Also, a 2001 study of over 300 people found that having a particular serotonin 2A receptor gene polymorphism (102C instead of 102T, if you care) made you 7.5 times more likely to have a seasonal pattern type of depression.

I couldn't find any similar studies looking at genetic influences on the response to exercise in depression. This would be a good study to do.

Midwife with a Knife said...

I'm surprised that sleep deprivation improves mood in some people. It makes me really unhappy, especially when prolonged (like taking call 2 consecutive days (48 hrs on in house call)). I also get very cranky too. I feel like a completely different person (a person who I don't particularly like) after 2 days on call. (Although sleep may be only 1 of a number of factors in that).

And now after catching up on some sleep from a similar spell, I feel super fantastic (hm.. I don't know that there's a psychiatric term for a mood that's super fantastic yet not quite good enough to be suspiciously fantastic?).

I'm wondering what the mechanism for sleep deprivation improving mood could be? Or is it like those starved-mouse longevity studies? Sure, if you only let people sleep 0-4 hours/night (or cut their caloric intake to 1000 kcals/day) they might report better moods (or live longer), but feeling crappy from sleep deprivation (or never eating chocolate) might ultimately not be that much better than feeling depressed (or living an extra 5 years doesn't make up for all of that chocolate you would have missed).

sophizo said...

Roy - If you ever do find a study about genetics on exercise and mood, I'd be interested in hearing about it. Everything about me seems to go against the norm, so it would be interesting to see why exercise may not do anything for me.

Dinah said...

It seems to me some people are more endorphin sensitive than others-- why do some folks vomit from morphine while others get high and crave it? Do we think everyone would become a heroin addict with enough exposure? Maybe it's those same endorphin-sensitive folks who get that high feeling when they run.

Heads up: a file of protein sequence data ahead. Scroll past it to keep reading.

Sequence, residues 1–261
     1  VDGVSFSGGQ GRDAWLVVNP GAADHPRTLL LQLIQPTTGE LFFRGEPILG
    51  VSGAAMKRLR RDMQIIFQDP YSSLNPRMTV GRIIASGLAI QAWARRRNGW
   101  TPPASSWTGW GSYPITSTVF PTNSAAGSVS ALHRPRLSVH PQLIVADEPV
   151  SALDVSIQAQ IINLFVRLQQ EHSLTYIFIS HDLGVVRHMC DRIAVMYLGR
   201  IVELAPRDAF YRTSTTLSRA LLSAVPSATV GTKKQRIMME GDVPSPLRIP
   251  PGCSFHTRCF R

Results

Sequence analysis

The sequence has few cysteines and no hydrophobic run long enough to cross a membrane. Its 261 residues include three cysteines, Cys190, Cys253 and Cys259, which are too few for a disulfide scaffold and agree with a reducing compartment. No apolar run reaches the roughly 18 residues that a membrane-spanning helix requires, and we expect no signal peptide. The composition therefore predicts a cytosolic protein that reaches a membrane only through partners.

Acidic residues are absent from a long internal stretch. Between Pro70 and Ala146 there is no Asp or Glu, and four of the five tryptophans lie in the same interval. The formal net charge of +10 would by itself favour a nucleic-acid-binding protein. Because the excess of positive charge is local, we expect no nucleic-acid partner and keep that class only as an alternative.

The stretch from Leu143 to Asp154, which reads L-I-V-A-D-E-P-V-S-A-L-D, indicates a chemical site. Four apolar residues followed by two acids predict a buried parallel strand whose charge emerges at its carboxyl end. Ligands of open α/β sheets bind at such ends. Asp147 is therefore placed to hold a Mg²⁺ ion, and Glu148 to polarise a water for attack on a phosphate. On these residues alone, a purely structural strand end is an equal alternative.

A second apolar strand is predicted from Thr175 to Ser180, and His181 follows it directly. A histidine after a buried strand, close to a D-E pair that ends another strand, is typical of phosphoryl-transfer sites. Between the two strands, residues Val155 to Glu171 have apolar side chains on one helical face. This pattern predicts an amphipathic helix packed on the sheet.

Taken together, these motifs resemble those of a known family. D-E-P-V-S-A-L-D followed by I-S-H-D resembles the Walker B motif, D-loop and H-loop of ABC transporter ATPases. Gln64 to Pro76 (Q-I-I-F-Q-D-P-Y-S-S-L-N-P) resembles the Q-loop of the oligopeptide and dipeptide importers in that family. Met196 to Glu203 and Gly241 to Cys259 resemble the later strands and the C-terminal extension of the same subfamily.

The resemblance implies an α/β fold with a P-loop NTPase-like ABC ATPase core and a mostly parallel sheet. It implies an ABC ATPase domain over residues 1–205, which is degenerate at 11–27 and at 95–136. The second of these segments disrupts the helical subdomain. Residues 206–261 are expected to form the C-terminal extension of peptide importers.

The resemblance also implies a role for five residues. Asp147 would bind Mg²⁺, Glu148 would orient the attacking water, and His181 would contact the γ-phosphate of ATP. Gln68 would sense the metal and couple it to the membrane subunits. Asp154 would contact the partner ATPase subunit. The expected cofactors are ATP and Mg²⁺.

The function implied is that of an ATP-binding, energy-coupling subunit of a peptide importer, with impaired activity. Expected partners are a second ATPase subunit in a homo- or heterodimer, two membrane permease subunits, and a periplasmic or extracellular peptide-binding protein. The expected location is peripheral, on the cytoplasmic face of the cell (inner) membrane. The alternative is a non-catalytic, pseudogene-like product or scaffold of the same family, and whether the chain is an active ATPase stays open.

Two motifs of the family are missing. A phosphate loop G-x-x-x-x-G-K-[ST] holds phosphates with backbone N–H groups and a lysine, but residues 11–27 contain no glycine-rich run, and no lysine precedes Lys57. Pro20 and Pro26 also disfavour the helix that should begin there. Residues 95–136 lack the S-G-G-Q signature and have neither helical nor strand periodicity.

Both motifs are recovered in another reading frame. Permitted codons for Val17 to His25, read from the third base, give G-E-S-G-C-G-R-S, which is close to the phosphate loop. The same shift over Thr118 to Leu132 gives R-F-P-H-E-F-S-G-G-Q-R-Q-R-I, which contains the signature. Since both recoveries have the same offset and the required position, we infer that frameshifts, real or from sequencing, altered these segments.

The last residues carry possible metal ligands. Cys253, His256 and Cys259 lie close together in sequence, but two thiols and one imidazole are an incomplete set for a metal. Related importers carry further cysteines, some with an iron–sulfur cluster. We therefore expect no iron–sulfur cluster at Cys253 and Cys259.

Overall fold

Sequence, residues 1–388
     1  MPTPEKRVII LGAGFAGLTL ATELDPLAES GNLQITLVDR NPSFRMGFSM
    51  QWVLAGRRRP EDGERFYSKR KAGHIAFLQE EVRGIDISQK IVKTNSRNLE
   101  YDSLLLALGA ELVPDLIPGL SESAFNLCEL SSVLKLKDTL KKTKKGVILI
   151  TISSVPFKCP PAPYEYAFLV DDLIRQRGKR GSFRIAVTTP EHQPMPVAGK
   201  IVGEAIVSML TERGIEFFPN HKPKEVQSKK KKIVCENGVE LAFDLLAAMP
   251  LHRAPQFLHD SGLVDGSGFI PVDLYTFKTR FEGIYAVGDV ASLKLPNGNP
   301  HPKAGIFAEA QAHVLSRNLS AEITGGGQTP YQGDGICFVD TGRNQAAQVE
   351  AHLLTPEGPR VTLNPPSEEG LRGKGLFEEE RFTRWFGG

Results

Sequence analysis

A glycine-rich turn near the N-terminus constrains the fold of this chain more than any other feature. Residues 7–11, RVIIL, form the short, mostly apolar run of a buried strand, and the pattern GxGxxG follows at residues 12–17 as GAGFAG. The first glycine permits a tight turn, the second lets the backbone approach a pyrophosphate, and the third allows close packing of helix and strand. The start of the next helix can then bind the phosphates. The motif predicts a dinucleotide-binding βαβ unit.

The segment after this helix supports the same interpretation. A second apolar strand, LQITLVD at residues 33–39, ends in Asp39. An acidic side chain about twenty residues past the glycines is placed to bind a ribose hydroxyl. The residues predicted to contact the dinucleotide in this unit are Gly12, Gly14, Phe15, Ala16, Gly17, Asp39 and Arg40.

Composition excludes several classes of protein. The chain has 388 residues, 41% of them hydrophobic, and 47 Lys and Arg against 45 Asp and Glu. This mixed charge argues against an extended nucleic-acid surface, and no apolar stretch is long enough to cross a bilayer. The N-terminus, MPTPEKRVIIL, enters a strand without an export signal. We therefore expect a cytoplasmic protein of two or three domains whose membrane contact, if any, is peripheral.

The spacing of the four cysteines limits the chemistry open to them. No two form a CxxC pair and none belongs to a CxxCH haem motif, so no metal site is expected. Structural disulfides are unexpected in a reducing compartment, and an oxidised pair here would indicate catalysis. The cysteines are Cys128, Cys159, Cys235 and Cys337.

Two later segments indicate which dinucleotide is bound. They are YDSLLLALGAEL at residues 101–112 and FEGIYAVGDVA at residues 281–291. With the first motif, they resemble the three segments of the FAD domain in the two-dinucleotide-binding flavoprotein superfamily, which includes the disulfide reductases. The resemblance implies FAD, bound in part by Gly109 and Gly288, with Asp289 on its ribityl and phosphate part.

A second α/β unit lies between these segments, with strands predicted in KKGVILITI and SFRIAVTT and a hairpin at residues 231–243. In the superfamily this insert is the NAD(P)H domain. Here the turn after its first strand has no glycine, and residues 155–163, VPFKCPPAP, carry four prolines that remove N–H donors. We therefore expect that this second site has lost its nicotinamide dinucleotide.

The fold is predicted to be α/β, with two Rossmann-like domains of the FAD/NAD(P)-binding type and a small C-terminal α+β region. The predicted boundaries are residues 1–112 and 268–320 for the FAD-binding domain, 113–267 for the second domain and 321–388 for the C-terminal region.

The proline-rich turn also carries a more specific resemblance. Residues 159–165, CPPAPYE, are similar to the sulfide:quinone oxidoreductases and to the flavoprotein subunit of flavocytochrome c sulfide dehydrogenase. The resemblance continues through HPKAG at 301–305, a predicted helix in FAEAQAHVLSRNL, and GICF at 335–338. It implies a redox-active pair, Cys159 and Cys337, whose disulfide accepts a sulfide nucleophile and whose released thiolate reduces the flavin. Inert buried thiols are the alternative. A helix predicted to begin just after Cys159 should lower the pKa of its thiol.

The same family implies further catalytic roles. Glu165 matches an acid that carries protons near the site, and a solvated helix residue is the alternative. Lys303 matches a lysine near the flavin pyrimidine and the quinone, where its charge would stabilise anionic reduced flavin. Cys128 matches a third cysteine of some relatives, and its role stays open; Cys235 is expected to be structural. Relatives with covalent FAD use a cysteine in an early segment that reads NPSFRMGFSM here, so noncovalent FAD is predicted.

Me, I hate exercise. No endorphins here, but I think I get that nonspecific effect of feeling like I've accomplished something and have started my day in a positive take-charge-of-my-life-way that I don't get from just puttering around, I'm always THRILLED when I'm done, and there's the general feeling self-righteousness because I exercised. If I'm feeling anxious, it blows off steam.
And if I walk Max a few miles, his mood is definately better (he's one of those endorphin-sensitive folks who lives for his next exercise fix.)
No one has ever told me that exercise hurts their mood and many patients have said it helps.
And, in moderation it keeps you limber, keeps your heart working, keeps you younger than if you don't do it. In excess, I think the wear and tear on your joints outweighs the overall benefit.
And if you run in the city, inhaling car exhaust, on the pavement, all bets are off.

Now it let me sign in.

ClinkShrink said...

I have to say it warms the cockles of my little heart to hear people talking about exercise. At this point I've been working out for more than half my life and it is truly one of the best decisions I ever made to start running. As to the variable effects on mood, I compare it to diabetes. Sometimes behavioral changes can improve the disease but sometimes the disease is just too severe. But following unhealthy behaviors can make the disease worse. Exercise may not cure depression, but physical inactivity doesn't help and the immobility may make things worse.